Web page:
At a time when inflation has taken on greater significance, it’s important to make sure your investments keep pace with living costs.
Treasury Inflation-Protected Securities, or TIPS, are unique fixed income securities that provide inflation protection.
TIPS may be appropriate to consider for a portion of your portfolio, depending on your investment goals.
Fixed income investments play a role in most portfolios. A challenge is positioning those assets in a way that inflation—the rising cost-of-living—won’t significantly damage your investment returns.
Inflation surged at the beginning of 2021 for the first time in years. By mid-2022, inflation far outpaced typical bond yields. Over most of this period, those who owned 10-year U.S. Treasury bonds (a benchmark for bond investors) found that income failed to keep pace with inflation. For traditional bond holders, that portion of the portfolio lost ground to the higher cost of living.
This is where Treasury Inflation-Protected Securities, or TIPS, come in. TIPS are issued by the U.S. government and, like other Treasury securities you may add to a portfolio, are backed by the full faith and credit of the federal government.
“TIPS tend to perform best in periods when the interest rate environment is relatively stable but inflation is suddenly moving higher.”
Rob Haworth, senior investment strategy director for U.S. Bank Wealth Management.
Unlike regular Treasuries, however, TIPS provide the potential to earn a total return that reflects the impact of inflation. “For a long-term investor, TIPS can offer an opportunity for an investment that keeps pace with living costs,” says Rob Haworth, senior investment strategy director for U.S. Bank Wealth Management.
TIPS bonds account for inflation by adjusting the principal value of the securities in line with the inflation rate as reflected in the Consumer Price Index (CPI), which is published by the U.S. Bureau of Labor Statistics. When the cost-of-living as measured by CPI increases, the principal value of a TIPS security rises to reflect that change. If deflation occurs and CPI declines in value, the principal value of TIPS declines as well.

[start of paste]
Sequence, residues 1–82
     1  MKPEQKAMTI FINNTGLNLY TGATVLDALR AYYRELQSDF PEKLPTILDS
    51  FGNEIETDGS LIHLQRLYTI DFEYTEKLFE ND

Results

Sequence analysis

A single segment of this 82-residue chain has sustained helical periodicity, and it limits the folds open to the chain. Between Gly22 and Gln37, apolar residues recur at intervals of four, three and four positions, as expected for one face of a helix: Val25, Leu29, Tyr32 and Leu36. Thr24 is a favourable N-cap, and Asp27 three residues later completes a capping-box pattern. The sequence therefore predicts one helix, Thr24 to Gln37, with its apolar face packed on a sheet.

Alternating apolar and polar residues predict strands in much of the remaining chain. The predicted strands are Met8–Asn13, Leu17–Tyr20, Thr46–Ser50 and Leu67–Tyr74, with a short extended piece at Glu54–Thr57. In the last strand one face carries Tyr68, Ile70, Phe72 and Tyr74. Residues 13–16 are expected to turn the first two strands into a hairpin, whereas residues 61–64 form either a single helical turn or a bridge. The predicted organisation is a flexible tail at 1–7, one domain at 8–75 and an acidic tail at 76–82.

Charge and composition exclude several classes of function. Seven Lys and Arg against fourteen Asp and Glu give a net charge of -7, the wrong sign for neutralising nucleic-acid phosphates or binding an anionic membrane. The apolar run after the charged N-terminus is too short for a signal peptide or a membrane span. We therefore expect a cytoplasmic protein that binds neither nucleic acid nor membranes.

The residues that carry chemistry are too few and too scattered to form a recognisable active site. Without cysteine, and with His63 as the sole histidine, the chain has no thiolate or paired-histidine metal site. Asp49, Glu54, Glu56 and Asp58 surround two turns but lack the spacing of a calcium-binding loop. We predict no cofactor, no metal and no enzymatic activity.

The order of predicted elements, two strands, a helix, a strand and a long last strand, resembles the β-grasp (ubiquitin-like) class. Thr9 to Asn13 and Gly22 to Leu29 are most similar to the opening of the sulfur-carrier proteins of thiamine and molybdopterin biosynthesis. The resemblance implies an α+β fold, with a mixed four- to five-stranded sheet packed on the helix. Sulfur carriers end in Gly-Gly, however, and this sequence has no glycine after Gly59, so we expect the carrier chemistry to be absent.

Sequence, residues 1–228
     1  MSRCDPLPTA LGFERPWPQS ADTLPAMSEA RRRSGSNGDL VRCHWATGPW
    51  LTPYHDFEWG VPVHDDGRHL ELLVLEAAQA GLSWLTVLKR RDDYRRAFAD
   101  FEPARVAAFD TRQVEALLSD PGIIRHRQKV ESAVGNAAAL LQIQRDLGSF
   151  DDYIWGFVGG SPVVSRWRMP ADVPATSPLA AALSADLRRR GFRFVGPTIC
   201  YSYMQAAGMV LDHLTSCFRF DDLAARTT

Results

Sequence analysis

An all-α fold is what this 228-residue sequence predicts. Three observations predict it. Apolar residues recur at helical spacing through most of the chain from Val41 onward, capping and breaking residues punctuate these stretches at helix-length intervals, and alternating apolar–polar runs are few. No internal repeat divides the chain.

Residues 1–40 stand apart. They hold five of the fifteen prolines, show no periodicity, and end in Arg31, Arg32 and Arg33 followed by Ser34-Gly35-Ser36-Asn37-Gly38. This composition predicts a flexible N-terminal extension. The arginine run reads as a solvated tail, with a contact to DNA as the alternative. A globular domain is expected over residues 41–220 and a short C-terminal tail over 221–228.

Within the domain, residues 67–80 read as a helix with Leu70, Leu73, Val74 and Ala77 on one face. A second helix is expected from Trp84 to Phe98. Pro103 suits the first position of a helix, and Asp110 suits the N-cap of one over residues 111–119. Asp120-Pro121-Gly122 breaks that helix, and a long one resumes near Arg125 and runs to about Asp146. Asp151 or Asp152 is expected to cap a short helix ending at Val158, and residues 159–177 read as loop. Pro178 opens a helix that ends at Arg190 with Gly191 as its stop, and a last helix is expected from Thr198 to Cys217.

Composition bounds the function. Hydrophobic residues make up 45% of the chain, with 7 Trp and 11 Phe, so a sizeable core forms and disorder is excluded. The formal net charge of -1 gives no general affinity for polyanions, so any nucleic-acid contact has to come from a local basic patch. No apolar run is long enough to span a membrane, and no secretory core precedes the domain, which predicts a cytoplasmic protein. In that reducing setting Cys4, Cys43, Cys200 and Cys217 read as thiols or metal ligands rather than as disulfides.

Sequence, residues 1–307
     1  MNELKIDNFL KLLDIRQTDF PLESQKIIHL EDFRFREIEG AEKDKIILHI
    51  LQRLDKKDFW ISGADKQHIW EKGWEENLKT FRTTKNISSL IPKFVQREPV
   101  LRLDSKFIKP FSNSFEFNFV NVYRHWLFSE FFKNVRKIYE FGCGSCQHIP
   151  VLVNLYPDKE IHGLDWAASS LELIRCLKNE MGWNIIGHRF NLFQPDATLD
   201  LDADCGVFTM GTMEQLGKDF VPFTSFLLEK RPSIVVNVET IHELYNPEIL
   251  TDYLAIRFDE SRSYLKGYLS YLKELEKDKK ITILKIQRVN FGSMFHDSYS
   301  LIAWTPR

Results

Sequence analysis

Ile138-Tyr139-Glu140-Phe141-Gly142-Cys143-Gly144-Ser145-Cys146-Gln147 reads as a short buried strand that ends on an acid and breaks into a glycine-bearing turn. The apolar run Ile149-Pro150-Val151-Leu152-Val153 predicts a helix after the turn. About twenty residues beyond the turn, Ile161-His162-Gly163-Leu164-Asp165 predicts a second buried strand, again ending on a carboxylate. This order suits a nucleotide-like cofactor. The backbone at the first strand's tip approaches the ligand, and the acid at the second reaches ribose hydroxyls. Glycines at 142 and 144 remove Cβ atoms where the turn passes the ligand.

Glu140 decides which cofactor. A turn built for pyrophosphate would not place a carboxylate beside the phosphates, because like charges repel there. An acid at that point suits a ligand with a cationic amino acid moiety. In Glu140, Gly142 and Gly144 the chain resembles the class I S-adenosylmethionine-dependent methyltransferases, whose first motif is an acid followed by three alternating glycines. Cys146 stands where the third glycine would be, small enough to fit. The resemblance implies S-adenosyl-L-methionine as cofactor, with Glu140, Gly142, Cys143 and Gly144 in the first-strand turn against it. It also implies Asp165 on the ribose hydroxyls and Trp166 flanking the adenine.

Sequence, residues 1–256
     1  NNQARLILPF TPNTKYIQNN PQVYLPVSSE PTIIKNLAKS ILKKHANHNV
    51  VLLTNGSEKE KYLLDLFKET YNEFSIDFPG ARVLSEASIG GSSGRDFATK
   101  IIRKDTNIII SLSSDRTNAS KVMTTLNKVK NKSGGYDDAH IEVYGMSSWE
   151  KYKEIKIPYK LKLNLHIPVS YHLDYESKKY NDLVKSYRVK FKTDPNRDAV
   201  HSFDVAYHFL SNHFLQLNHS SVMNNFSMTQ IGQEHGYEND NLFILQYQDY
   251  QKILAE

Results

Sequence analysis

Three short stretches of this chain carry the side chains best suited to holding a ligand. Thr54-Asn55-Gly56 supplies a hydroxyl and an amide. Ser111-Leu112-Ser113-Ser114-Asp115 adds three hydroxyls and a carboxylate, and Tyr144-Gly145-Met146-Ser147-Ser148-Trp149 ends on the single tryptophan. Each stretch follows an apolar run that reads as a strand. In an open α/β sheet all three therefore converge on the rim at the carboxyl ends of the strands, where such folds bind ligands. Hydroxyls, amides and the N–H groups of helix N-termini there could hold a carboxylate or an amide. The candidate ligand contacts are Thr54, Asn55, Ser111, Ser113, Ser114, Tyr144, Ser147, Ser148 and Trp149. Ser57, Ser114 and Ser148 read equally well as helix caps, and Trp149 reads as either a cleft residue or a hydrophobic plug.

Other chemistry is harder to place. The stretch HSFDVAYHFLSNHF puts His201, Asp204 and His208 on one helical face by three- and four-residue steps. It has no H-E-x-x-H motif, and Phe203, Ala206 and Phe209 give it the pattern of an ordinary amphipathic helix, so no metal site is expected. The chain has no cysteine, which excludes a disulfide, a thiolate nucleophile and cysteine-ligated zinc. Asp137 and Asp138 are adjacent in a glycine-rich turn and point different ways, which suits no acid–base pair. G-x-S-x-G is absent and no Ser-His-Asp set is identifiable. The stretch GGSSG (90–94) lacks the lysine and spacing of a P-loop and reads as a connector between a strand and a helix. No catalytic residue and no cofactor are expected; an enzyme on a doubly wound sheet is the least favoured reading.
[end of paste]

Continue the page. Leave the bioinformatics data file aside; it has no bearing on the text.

As an example, say you own TIPS valued at $10,000 with a coupon of 5%. Based on the initial principal value, that would result in income of $500 for the year (TIPS pay interest twice a year).
Notably the interest rate remains constant, but as the principal value fluctuates, the actual interest paid by TIPS will adjust in a corresponding manner.
The inflation-adjusted principal value is not realized until the issue matures or is sold. At that time, the investor receives the higher of the adjusted principal value or the original principal value. You will never receive less than the original amount. TIPS Inflation Index Ratios1 are provided by the U.S. Treasury department to help calculate the impact on bonds.
Since TIPS typically pay an interest rate that is lower than that offered by a comparable Treasury security, investors may not benefit from inflation protection if cost-of-living changes are minimal over the holding period.
While the principal value of TIPS adjusts in line with the inflation rate, they typically pay a lower interest rate than comparable Treasury securities. In essence, investors trade off current yield for inflation protection. Compare these recent yields on U.S. Treasury securities and TIPS.